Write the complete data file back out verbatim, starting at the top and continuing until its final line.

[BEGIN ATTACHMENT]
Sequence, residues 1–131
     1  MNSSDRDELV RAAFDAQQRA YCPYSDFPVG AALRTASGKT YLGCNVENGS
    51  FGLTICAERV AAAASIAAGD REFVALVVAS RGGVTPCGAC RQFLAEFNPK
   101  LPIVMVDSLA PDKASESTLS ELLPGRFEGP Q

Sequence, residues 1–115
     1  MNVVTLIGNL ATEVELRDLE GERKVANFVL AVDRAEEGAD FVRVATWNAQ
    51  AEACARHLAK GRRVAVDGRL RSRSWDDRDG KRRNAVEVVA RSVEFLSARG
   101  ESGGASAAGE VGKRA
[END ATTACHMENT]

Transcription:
Sequence, residues 1–131
     1  MNSSDRDELV RAAFDAQQRA YCPYSDFPVG AALRTASGKT YLGCNVENGS
    51  FGLTICAERV AAAASIAAGD REFVALVVAS RGGVTPCGAC RQFLAEFNPK
   101  LPIVMVDSLA PDKASESTLS ELLPGRFEGP Q

Sequence, residues 1–115
     1  MNVVTLIGNL ATEVELRDLE GERKVANFVL AVDRAEEGAD FVRVATWNAQ
    51  AEACARHLAK GRRVAVDGRL RSRSWDDRDG KRRNAVEVVA RSVEFLSARG
   101  ESGGASAAGE VGKRA